As a plastic surgeon, people often ask me if there is anything that they can do to look younger or more physically fit. I always have to remind them that there are really no short cuts to good health. Although the various facial plastic surgery and body contouring procedures that I perform can accomplish a great deal, and are excellent ways to address specific areas of concern, there is ultimately no substitute for a healthy diet and regular exercise program. Over the last twenty years, I have had the opportunity to assist men and women of all ages when they are recovering from surgical procedures, and I have found that following some very basic nutritional advice can often be the key to helping them achieve the best plastic surgery results.
First and foremost, in order to rebuild healthy skin and muscle tissue after injury or surgery, the body requires protein. However, not all sources of protein are alike. Most experts agree that the proteins that are highest in saturated fat, like certain red meats, can raise cholesterol and potentially blood pressure, which places additional stress on healing tissues. Moreover, a recent study conducted at the University of California Los Angeles suggests that young women who ate large amounts of sugar and red meat regularly were more than 30% more likely to develop breast cancer as they entered their 20’s, 30’s or 40’s. To my patients, I generally recommend diets that favor lean proteins, like fish, chicken and turkey, as well as eggs, beans, nuts, quinoa and even leafy greens. I also caution them to avoid excess salt, which can worsen inflammation, and sugar, which may impair your immune system and potentially increase your risk of infection. Even procedures that affect relatively small areas, like mini-facelifts or eyelid surgery, can be adversely affected by excessive swelling.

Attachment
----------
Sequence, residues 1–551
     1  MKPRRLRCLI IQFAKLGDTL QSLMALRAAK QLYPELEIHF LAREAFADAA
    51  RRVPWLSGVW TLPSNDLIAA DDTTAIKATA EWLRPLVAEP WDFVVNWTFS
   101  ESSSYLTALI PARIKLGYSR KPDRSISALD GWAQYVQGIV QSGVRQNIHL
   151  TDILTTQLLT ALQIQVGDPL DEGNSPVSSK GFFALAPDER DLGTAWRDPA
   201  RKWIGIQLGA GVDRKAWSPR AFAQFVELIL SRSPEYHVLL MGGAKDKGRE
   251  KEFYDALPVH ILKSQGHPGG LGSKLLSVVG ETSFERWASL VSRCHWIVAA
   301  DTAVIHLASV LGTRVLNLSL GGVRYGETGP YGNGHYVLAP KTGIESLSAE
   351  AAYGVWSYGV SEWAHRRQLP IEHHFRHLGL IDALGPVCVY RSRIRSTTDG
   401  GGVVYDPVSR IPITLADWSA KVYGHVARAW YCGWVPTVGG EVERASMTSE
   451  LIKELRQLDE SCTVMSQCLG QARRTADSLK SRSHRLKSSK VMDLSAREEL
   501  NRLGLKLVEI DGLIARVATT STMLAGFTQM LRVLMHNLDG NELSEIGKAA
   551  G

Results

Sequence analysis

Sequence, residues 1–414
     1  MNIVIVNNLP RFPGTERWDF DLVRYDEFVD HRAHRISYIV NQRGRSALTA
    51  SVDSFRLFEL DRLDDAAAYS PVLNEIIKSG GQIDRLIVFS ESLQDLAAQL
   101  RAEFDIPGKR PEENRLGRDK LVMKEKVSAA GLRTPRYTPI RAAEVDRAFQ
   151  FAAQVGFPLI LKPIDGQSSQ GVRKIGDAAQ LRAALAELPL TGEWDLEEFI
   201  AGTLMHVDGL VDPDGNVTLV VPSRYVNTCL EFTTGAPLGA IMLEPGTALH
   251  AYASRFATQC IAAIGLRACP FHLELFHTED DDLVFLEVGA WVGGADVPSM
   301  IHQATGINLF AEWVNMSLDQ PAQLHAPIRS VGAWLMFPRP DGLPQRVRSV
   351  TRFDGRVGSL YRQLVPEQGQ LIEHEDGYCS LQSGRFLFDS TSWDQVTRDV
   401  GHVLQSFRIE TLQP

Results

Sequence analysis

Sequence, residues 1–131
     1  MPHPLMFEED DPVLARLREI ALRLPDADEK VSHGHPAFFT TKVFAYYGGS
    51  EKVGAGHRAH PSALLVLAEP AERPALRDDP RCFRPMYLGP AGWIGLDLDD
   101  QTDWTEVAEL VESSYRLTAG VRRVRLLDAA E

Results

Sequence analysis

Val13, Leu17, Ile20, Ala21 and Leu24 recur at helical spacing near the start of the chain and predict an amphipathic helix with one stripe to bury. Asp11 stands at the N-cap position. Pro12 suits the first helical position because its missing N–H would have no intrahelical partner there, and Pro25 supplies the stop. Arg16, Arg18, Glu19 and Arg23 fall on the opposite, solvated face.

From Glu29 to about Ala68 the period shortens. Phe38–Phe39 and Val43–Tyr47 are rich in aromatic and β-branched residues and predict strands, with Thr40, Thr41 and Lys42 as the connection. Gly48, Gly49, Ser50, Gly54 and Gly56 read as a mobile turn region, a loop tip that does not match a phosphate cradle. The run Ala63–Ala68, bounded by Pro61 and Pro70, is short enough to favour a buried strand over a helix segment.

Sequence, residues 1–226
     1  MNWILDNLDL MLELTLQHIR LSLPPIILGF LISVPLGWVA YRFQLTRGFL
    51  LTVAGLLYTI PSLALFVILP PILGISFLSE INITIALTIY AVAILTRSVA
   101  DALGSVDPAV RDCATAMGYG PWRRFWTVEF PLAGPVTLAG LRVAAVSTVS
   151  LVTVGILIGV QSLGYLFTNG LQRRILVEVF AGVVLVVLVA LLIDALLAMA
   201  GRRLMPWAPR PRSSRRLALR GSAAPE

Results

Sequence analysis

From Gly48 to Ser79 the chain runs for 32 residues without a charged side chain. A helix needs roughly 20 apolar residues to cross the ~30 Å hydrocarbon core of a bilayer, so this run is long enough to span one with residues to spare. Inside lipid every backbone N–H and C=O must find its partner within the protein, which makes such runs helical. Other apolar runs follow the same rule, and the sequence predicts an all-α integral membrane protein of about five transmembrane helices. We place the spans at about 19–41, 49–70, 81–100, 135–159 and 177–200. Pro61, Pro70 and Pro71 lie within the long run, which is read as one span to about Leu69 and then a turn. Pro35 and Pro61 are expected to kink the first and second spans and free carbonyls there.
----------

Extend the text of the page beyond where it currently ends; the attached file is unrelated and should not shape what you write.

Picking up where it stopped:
There are also a number of substances that people regularly come into contact with that can be very damaging to healing tissue, so what you keep out of your body can be just as important as what you put into it. For example, not only does smoking damage lung function, but it also impairs the circulation of blood to the skin’s surface, effectively delaying the entire healing process. Alcohol, caffeine, aspirin, ibuprofen, and even certain nutritional supplements can potentially affect blood pressure and clotting, and the ultraviolet radiation in sunlight can damage the skin and make scars more noticeable. Avoiding toxins like cigarette smoke, alcohol, and caffeine, taking the time to cover healing incisions with bandages or a strong sunscreen while you are outside, and making sure to discuss with your doctor all medications and supplements that you might be taking, are some of the best ways to help ensure a smooth plastic surgery recovery.
Every patient’s body is unique, so I always go over customized instructions before any plastic surgery procedure and during any post-surgical follow up visits. If you are interested in learning more about any of the facial rejuvenation or body contouring cosmetic plastic surgery procedures that I perform, contact me, Dr. James Namnoum, to schedule a full consultation. Finally, remember to connect with me on Facebook, Twitter, and Google+ to get all the latest plastic surgery news and updates.